April 18, 2007
Bosnia: Bridges of Friendship
Jane Wiebe is a remarkable woman who recounted her yearly mission of delivering bushels of goods and incredible amounts of help to the people of war torn Bosnia. For the past ten years her message remains the same in that, “we can live together as Christians and Muslims in peace IF we choose to respect each other not in word but in action. In accepting each person for the mere reason that they exist and are a member of the human race…peace arrives and friendships are built.” Her intentions were simple: to speak for those who can not speak and to stand for those who can not stand. The result of an unforgettable genocide resulting in 200,000 deaths would set her determination to take action. The invasion of Bosnia commenced in 1991 and continued until 1996. It began in the Republic of Bosnia-Herzegovina by the conflict between three main ethnic groups: the Serbs, Croats, and Muslims. The genocide was committed by the Serbs against the Muslims. Bosnia is one of several small countries that emerged from the break up of Yugoslavia. Yugoslavia was compiled of ethnic and religious groups that had always been historical rivals including the Serbs (Orthodox Christian), the Croats (Catholic), and ethnic Albanians (Muslim).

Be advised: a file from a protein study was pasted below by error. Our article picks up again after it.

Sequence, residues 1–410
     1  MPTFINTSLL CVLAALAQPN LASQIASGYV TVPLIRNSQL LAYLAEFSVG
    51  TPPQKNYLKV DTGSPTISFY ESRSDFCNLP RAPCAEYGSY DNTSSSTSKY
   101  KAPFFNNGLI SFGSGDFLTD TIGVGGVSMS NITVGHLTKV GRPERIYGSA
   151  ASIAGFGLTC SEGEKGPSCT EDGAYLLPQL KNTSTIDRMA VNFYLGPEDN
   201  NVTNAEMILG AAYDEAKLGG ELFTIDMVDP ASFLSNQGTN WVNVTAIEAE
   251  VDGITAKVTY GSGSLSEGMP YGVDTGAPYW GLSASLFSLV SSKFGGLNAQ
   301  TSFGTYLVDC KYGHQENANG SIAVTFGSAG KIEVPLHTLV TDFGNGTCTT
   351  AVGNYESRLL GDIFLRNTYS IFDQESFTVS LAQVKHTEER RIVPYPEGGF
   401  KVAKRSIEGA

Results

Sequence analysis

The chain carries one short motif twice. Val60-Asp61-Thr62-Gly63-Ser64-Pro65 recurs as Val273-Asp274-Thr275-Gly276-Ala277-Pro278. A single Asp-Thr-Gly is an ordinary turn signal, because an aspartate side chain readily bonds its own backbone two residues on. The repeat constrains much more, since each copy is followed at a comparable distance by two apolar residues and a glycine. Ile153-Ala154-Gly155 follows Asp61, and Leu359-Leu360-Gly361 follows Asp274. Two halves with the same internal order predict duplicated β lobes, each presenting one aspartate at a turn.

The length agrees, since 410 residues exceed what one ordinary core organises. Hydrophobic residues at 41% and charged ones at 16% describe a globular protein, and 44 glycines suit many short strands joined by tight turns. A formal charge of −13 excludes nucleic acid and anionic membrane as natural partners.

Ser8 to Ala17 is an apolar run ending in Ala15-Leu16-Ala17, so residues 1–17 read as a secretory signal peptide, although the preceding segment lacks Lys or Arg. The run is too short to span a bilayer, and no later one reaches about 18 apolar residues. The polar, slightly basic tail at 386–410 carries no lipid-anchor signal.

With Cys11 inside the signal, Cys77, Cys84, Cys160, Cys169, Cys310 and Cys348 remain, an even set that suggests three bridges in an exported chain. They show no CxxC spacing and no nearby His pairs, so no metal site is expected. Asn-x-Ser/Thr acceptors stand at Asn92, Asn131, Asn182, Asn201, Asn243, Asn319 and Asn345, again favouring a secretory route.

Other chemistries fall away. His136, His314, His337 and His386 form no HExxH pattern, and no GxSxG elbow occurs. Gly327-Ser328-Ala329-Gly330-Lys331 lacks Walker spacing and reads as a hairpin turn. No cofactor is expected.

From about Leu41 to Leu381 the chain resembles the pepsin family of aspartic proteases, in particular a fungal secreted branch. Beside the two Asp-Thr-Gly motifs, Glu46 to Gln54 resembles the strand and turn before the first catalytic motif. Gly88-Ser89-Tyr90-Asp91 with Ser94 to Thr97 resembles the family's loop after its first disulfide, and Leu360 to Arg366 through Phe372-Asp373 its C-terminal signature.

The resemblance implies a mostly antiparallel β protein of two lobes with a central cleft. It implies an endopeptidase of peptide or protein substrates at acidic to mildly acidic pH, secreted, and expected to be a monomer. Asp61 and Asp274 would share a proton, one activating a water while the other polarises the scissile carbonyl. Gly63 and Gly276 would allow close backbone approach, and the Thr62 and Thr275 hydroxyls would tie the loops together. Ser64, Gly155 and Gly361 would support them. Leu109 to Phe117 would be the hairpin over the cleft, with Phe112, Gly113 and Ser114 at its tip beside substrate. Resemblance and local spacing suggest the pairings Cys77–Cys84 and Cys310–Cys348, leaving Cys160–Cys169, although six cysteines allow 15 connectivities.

In the 1980’s a Serbian named Slobodan Milosevic, a former communist who turned to nationalism and religious hatred to gain power, became the new leader. The tensions began as Orthodox Christian Serbs, the minority, claimed to be mistreated by the Albanian Muslim majority. In June 1991, Slovenia and Croatia both declared there independence from Yugoslavia. Milosevic quickly lost interest in Slovenia, a country with almost no Serbs, and instead focused on Croatia, a Catholic country where Orthodox Christians made up about twelve percent of the population. Within the next month, Milosevic’s forces invaded to ‘protect’ the Serbian minority. Here began the first mass executions of conflict, killing many Croat men and burying them in mass graves.
The following year in April, Bosnia claimed there independence in which Milosevic responded to by attacking Sarajevo, its capital city. Sarajevo soon became known as the city where Serbs continually shot down helpless civilians in the streets, including over 3,500 children. Bosnian Muslims were hopelessly outgunned. Serbs began to steadily roundup local Muslims in scenes eerily similar to those that occurred under the Nazis during World War II, including mass shootings, forced repopulation of towns, and confinement in concentration camps. These actions taken by the Serbs quickly became